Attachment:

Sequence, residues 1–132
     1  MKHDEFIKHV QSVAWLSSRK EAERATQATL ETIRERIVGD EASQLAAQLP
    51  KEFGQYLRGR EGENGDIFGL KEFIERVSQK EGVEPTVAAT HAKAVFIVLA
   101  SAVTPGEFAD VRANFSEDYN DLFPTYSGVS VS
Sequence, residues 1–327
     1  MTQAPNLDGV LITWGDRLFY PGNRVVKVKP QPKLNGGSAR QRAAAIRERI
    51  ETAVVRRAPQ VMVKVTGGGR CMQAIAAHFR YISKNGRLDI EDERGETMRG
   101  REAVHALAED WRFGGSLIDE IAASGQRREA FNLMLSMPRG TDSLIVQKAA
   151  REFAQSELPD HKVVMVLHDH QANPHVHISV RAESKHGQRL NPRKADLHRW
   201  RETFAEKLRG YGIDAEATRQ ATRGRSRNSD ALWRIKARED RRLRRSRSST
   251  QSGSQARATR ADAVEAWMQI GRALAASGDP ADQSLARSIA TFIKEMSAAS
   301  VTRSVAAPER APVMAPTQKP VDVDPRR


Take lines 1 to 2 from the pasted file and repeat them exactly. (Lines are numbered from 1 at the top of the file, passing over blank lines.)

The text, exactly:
Sequence, residues 1–132
     1  MKHDEFIKHV QSVAWLSSRK EAERATQATL ETIRERIVGD EASQLAAQLP